This last minute change of tack is simply superficial, so that the “records will show” that the regime agreed to a ceasefire and tried to minimise loss of life. It is imperative that we do not allow this false memory to enter our collective consciousness. We must remember the atrocities of Tuesday the 13th, because they show who Assad truly is. We cannot allow him to rewrite history.

This morning, shelling resumed on Aleppo - the regime lazily claiming that the rebels broke the ceasefire. As if it makes any difference now that they are battered into almost complete capitulation. The point of the ceasefire was to spare as many lives as possible - but as the shells fall again, it’s clear Assad just does not care.

Tuesday’s concession was simply an effort at saving face - a small nod toward politics and diplomacy, maybe in the hopes of avoiding charges for war crimes by the international community. Maybe he hopes the international community just turn a blind eye to all he has done and let him take back power peacefully.

What’s most terrifying is that we might let this happen. We’ve constructed moral ambiguity where it has not existed for a long time, so what’s to stop us from doing it again? What’s to stop us from convincing ourselves that “Assad ain’t so bad, he agreed to that ceasefire after all”??

Syrian people's quest for freedom lost amid moral ambiguity

If we accept this lie, we are disgracing the Syrian people, allowing five years of war and bloodshed and sacrifice to be for nothing.

It is easy to forget the origins of this war, as its narrative twists and turns in real time. Over the last five years, we have seen focus shift from the regime to the rebels to ISIS to Russia to the US and back again. It is hard to keep track of who is fighting whom, and to what end.

Perhaps that is why it’s so easy to feign ignorance.

But clear it all away and the story is simple. This war started with a clear and noble aim.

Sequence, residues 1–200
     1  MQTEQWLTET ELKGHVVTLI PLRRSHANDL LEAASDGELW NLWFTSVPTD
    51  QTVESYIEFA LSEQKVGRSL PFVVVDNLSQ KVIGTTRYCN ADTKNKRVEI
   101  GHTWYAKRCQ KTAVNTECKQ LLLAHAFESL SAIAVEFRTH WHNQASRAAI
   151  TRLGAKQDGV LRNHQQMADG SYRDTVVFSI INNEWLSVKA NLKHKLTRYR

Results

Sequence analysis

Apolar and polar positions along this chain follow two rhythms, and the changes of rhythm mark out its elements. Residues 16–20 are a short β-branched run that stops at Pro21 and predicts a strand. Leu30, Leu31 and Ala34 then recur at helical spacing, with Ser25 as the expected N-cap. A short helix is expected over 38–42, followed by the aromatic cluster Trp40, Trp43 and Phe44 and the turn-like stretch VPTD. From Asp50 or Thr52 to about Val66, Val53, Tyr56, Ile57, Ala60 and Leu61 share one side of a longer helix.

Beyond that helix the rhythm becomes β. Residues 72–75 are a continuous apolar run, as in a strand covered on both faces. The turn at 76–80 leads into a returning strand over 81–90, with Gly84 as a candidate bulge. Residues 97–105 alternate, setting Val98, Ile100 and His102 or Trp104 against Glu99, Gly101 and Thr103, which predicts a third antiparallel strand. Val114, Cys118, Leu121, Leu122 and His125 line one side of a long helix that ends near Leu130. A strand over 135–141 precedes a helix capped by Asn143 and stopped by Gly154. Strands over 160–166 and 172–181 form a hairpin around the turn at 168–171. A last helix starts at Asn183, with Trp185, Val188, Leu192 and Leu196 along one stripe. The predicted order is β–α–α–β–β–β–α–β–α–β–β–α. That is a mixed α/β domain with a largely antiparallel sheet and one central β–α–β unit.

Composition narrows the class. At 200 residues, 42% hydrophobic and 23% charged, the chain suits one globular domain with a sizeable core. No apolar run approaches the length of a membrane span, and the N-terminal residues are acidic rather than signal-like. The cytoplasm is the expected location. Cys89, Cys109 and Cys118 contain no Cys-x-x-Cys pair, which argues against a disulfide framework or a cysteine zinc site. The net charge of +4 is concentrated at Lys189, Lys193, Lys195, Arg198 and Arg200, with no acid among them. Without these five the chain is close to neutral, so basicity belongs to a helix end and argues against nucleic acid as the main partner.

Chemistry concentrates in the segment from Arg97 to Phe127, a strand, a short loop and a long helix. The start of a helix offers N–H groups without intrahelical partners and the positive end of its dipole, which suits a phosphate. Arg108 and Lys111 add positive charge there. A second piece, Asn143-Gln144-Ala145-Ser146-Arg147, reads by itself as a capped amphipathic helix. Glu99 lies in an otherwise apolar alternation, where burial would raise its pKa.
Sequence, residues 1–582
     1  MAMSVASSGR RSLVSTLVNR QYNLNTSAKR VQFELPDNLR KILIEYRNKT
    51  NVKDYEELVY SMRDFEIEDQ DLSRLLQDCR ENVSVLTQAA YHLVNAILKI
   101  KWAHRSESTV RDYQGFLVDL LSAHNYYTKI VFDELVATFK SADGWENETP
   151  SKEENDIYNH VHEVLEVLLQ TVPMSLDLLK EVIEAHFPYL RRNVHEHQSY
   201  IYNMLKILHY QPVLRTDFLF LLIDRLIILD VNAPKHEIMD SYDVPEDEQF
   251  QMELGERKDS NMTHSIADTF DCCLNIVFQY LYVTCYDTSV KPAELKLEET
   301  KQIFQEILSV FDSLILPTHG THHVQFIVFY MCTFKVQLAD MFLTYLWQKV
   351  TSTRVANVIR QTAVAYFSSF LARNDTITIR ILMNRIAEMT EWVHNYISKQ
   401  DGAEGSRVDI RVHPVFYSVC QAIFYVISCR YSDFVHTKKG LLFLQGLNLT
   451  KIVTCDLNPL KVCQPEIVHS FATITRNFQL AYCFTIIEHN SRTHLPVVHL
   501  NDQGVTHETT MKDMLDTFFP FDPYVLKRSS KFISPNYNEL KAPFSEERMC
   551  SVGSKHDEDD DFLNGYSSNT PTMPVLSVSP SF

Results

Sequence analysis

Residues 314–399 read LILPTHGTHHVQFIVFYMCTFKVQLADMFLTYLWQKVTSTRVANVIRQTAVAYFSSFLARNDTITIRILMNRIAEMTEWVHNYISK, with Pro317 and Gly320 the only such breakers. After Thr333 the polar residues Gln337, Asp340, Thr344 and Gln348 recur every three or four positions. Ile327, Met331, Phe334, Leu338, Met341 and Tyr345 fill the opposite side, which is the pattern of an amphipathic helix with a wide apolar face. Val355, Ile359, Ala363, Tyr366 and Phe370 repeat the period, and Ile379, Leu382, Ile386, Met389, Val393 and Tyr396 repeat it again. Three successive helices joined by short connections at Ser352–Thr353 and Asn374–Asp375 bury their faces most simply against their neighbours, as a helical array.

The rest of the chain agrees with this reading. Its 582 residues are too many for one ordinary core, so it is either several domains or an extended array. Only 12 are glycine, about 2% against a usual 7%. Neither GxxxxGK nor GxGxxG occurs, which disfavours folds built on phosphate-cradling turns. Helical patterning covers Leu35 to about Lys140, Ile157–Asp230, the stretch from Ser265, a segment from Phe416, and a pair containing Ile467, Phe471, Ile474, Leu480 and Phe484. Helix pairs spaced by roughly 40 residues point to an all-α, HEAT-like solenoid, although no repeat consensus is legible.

The people of Syria wanted freedom from a brutal dictator, and when their peaceful protests were violently suppressed, they did the only thing they could and took up arms in the name of democratic freedom.

Things got messy after that as many different groups tried to take advantage of the vulnerable country for their own ends: ISIS and other terrorist groups exploited the unrest to make terrifying territorial advances, while Russia and the US co-opted the struggle into their own proxy war, as they both vye for influence in the Middle East.

But at the heart of it, this has remained a struggle for freedom, for democracy and for self- determination.

The people of Syria have kept fighting, have kept sacrificing their people and their cities, because they have a noble cause to strive for. That is the most fundamental aspect of this war, and yet it is continually obscured by the chaos of other competing interests.

There are no moral grey areas in Syria today, as we witness Assad’s forces violate the ceasefire and resume indiscriminate shelling on Aleppo. A huge chapter in this war may be about to effectively end, as the rebels concede their last urban stronghold. But there is nothing to celebrate about that. The wrong people are winning.

With an Assad victory, there will never be an end to violence. The only thing we have to look forward to under Assad’s rule is further suppression, further censorship, and further misery for the Syrian people. He has always been and always will be a terrorist, and no matter how much we want to stay neutral, we cannot. We cannot hide behind moral ambiguity.

The last five years of bloodshed and death will only be worth something if Assad is ousted.

The moderate rebels are the ones we must back, are the only ones we must look to for hope of eventual democratic rule.

The terrorists are winning in Syria today. The question is, will the world let them?

Brian O'Flynn has written extensively for Attitude Magazine, the Irish Examiner and Idolator. He is a student of politics in Trinity College Dublin.